Saturday, January 23, 2016

VDOT Releases Latest I-66 Environmental Assessment Docs

I-66 Trail at Route 123
VDOT recently released the I-66 Outside the Beltway Tier 2 Environmental Assessment (EA) documents. The project includes a major regional trail parallel to I-66 from Gallows Road to the Fairfax County border as well as  new bike and ped facilities on rebuilt bridges. We are asking cyclists to contact VDOT by February 4 to support bike access along and across I-66. Please reference "I-66 Tier 2 Revised EA" in the subject.

See the Fairfax County portion of the Parallel Trail map. The trail would extend the Custis Trail located inside the Beltway. See the FABB I-66 Info Page for other supporting documents.

The Federal Highway Administration requires the preparation of an EA when VDOT conducts a significant project like the expansion of the I-66 corridor. According to the document, "This Tier 2 Revised EA is being made available for a 15-day public review and comment period. All comments received on the Tier 2 Revised EA will be considered and substantive comments will be addressed prior to finalizing the Tier 2 EA process and prior to a Tier 2 NEPA decision by FHWA." Comments are due February 4.

From VDOT: "Submit your written comments on the Tier 2 Revised EA by February 4, 2016 to Ms. Susan Shaw, PE, by email to or via the online comment form on the project's website or join the discussion. Please reference "I-66 Tier 2 Revised EA" in the subject line for all correspondence."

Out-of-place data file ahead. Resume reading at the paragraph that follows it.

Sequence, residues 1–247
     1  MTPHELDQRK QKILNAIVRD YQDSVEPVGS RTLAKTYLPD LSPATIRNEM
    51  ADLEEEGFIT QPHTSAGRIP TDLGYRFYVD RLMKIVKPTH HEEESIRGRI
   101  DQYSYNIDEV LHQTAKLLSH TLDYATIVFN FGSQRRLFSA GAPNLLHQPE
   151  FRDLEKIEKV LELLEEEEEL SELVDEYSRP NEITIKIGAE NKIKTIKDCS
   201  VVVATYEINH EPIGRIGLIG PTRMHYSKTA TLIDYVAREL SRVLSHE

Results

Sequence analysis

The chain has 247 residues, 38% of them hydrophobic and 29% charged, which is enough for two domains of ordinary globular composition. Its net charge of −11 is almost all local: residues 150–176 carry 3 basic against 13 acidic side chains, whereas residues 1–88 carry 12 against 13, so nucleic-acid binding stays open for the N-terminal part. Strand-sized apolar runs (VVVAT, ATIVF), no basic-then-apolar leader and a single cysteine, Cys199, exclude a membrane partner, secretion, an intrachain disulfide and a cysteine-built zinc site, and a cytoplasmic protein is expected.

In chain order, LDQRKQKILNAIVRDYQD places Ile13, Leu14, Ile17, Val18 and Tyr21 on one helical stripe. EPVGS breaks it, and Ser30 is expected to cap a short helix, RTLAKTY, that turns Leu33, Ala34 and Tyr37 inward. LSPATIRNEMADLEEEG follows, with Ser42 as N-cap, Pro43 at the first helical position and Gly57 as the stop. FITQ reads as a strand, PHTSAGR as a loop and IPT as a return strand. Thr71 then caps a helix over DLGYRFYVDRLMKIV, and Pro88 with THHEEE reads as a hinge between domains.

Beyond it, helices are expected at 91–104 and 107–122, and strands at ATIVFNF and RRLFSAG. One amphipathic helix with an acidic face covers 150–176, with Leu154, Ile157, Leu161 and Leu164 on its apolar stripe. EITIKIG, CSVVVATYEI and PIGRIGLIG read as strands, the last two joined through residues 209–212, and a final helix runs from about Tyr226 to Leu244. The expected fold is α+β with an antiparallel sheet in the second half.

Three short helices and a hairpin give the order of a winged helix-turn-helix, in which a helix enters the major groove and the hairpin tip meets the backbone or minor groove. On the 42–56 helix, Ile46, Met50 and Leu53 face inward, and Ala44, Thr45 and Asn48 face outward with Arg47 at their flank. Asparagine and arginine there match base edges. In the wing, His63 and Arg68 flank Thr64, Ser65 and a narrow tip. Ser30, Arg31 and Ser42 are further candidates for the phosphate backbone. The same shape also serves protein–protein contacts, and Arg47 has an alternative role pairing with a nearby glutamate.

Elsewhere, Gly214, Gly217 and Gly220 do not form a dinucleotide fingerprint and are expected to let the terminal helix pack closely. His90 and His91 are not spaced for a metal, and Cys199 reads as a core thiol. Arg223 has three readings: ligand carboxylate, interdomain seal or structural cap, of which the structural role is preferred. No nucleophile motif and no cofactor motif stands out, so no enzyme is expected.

Earlier VDOT released the Requests for Proposals that included Technical Requirements which contained proposed locations where the parallel trail can be accessed from adjacent neighborhoods. We will post our analysis of those points soon.

From the report: Bicycle and Pedestrian Elements
The bicycle and pedestrian accommodation recommendations would support the overall purpose and need of the project, seeking to achieve the following objectives:
  • Increase access to public transportation
  • Increase travel choices
  • Increase bicycle and pedestrian connectivity for communities within the I-66 corridor
  • Accommodate safe and efficient bicycle and pedestrian travel within the I-66 corridor
  • Integrate existing and planned bicycle and pedestrian networks in communities along the I-66
  • corridor
Bicycle Network
Accommodating bicycles strategically along and crossing the I-66 corridor could provide substantial benefits to the transportation system, benefits to the environment, and improvement to people’s quality of life. Bicycling is a healthy, efficient, and affordable transportation alternative. It can dramatically enhance people’s access to transit and related facilities, connect neighboring communities, improve people’s health, and reduce people’s reliance on a personal automobile for short and moderate-distance trips.

Fairfax County and Prince William County have invested substantially in bicycling infrastructure, and along with transportation-related associations, the counties have also invested in programs to encourage and expand bicycling. Currently, I-66 is a barrier to bicycle network connectivity in many locations outside the Beltway (I-495). The modification of bridges, ramp termini, the freeway mainline, and some local roadways offers the opportunity for bicycling networks along the corridor (existing and planned) to become better connected.

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